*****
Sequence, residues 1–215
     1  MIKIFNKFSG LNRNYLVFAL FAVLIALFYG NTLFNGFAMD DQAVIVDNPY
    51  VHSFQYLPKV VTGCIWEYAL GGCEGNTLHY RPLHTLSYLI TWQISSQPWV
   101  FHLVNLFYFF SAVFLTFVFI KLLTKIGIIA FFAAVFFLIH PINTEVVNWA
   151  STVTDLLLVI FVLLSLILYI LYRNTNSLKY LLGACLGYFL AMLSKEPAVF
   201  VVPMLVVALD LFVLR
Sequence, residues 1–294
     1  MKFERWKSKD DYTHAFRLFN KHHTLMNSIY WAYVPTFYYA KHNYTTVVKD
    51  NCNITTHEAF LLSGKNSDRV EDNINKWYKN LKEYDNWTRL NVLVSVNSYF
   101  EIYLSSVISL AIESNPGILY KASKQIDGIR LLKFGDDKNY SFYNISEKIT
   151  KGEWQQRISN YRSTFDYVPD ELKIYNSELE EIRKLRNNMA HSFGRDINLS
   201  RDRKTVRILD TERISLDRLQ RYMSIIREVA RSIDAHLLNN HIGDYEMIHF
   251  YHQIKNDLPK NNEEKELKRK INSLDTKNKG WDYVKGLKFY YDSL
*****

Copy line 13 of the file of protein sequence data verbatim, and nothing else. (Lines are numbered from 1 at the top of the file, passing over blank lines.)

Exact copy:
   251  YHQIKNDLPK NNEEKELKRK INSLDTKNKG WDYVKGLKFY YDSL